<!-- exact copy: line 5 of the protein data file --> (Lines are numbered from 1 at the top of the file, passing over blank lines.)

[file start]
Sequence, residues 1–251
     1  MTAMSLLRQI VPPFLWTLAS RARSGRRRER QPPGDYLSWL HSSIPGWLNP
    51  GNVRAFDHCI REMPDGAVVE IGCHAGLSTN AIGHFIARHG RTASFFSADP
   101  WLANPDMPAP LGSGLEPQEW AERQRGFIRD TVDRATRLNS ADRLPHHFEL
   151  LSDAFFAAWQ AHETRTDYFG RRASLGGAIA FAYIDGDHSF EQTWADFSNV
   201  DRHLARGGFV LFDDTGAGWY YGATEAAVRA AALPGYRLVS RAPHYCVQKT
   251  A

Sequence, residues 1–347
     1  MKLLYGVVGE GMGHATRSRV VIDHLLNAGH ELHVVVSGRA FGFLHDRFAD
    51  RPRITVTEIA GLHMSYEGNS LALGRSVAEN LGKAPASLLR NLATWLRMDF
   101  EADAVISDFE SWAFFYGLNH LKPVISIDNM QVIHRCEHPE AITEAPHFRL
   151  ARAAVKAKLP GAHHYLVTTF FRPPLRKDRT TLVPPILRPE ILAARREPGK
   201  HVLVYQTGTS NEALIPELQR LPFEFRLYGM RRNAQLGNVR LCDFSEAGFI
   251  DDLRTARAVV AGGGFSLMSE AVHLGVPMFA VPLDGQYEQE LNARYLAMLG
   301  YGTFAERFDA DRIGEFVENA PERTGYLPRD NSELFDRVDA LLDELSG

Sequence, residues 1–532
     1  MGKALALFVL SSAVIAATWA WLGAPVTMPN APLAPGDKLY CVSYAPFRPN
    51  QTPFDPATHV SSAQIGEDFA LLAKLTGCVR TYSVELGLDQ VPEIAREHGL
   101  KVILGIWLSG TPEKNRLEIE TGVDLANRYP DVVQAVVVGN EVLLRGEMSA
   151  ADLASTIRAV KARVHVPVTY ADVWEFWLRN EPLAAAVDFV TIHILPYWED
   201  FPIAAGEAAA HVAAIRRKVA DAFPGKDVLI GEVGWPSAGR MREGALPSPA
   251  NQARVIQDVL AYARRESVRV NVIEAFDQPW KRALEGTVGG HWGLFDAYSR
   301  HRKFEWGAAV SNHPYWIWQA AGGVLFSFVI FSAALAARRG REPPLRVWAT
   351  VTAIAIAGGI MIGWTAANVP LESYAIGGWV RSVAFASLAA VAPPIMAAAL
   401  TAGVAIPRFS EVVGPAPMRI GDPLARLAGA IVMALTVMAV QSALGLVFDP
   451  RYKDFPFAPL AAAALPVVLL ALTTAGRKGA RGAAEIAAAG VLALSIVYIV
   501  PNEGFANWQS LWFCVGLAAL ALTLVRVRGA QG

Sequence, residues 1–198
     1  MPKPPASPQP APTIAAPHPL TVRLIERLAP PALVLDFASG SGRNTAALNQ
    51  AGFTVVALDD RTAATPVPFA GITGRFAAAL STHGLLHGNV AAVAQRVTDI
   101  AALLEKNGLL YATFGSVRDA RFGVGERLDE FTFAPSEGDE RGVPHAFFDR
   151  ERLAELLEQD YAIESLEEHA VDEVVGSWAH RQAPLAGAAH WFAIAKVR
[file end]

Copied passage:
   151  LSDAFFAAWQ AHETRTDYFG RRASLGGAIA FAYIDGDHSF EQTWADFSNV